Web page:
It’s true that by many metrics, public schools are succeeding. The high school completion rate is rising, so is the number of students taking advanced math and science courses, teacher salaries are even on the average increasing, and standardized test measurements show that the public school system is able to teach students on the whole to the same level of test score achievement every year.

The current system seems to be working, but only if you measure it by its own yardstick of completion rates and standardized test scores. By any other measurement such as the growing rate of depression among students in the US and the near 50% of people in the US who do not believe their lives will be better off in five years, there is indication that schooling today may fail to cultivate our sense of wonder, accomplishment, openness to learning new skills and self-sufficiency.

The core problem in public schooling is that most of the time, we teach kids to memorize for the test instead of using their natural curiosity to drive the learning. We tell kids that they can’t divide by zero instead of asking them – well what would happen if we tried!* Students are bored in class because we’ve made the learning boring. As per Aristotle, Malala and Richard Feynman, seeking knowledge is what makes us human, and yet, we’ve somehow managed to take all of the joy and wonder out of learning at school.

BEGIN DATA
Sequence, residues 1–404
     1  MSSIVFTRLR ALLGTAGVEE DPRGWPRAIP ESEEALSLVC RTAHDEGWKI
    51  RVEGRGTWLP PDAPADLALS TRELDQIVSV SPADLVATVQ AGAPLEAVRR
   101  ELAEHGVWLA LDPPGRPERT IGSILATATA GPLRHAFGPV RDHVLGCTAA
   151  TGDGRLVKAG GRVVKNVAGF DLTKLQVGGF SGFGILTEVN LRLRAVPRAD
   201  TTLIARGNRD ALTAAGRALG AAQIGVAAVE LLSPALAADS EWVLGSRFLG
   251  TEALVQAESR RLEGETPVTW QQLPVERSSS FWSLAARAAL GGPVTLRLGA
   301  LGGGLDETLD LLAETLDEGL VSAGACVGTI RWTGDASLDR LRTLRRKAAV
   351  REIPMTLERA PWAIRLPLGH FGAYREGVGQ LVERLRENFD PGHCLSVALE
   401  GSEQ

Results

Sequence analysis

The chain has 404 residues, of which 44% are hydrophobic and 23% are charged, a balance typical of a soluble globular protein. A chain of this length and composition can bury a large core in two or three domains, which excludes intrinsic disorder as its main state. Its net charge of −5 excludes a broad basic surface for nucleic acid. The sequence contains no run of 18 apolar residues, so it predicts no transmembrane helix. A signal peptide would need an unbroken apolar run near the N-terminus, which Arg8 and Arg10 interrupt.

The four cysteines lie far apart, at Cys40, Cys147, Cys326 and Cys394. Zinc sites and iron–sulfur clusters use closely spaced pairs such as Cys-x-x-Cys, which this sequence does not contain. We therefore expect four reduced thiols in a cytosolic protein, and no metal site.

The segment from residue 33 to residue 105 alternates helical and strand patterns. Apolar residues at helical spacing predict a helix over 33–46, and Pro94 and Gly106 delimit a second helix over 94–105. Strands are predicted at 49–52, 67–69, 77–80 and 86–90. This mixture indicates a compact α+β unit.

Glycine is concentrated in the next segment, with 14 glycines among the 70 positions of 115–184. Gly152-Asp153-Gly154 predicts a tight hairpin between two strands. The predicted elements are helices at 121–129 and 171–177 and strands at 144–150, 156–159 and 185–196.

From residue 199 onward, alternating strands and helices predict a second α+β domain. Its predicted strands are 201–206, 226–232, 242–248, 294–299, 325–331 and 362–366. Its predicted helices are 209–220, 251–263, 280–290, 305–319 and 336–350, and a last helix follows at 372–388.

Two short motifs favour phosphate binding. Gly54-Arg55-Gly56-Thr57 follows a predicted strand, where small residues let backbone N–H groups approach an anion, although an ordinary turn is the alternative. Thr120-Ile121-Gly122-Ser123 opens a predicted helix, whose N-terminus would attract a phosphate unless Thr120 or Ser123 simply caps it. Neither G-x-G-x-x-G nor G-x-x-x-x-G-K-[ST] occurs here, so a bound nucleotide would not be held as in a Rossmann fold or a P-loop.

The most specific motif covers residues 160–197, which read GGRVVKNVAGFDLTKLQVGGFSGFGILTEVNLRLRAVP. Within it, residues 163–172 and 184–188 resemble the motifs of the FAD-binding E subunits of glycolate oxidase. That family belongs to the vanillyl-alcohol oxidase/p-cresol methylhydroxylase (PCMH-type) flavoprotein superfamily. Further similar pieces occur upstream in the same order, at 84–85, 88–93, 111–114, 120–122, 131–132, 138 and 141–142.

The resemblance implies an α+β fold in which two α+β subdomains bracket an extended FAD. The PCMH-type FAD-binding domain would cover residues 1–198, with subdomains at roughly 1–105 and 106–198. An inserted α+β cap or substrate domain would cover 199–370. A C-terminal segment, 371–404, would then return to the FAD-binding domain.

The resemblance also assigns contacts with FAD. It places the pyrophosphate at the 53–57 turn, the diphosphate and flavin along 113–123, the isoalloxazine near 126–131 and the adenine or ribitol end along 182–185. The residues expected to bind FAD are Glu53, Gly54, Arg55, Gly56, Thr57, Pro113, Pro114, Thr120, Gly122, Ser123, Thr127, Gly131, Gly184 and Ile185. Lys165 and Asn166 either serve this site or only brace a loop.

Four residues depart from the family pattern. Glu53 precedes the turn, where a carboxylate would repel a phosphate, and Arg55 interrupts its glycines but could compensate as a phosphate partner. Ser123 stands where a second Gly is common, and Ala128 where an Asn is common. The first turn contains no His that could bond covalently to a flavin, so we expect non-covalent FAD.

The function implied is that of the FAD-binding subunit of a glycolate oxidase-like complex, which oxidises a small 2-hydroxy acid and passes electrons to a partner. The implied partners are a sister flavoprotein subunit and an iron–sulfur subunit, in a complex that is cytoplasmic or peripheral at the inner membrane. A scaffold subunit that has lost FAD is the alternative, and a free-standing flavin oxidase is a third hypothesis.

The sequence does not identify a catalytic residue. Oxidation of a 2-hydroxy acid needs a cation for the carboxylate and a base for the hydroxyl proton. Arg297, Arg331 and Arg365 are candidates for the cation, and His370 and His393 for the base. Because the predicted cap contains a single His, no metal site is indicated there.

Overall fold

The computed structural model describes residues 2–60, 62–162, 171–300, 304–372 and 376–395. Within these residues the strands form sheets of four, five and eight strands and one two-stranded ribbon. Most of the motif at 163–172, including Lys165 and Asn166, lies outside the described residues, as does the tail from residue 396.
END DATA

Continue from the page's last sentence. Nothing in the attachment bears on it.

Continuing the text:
In A Mathematician’s Lament, Paul Lockhart describes a dystopian world in which music is taught to K-12 students the same way math is taught today (though, sadly, music education isn’t available any more to at all to many students). Students memorize the circle of fifths and get points taken away if the stems on the music notes they draw face the wrong way. They never get to hear any music unless they somehow choose to stick with it to an advanced graduate level course.